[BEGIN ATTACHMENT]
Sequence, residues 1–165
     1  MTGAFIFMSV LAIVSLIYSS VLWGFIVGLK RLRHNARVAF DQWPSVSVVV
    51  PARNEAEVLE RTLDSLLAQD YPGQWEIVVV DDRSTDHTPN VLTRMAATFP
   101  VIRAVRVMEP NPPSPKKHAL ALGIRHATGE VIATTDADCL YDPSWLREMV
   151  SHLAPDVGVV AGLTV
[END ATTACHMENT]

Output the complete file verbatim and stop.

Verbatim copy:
Sequence, residues 1–165
     1  MTGAFIFMSV LAIVSLIYSS VLWGFIVGLK RLRHNARVAF DQWPSVSVVV
    51  PARNEAEVLE RTLDSLLAQD YPGQWEIVVV DDRSTDHTPN VLTRMAATFP
   101  VIRAVRVMEP NPPSPKKHAL ALGIRHATGE VIATTDADCL YDPSWLREMV
   151  SHLAPDVGVV AGLTV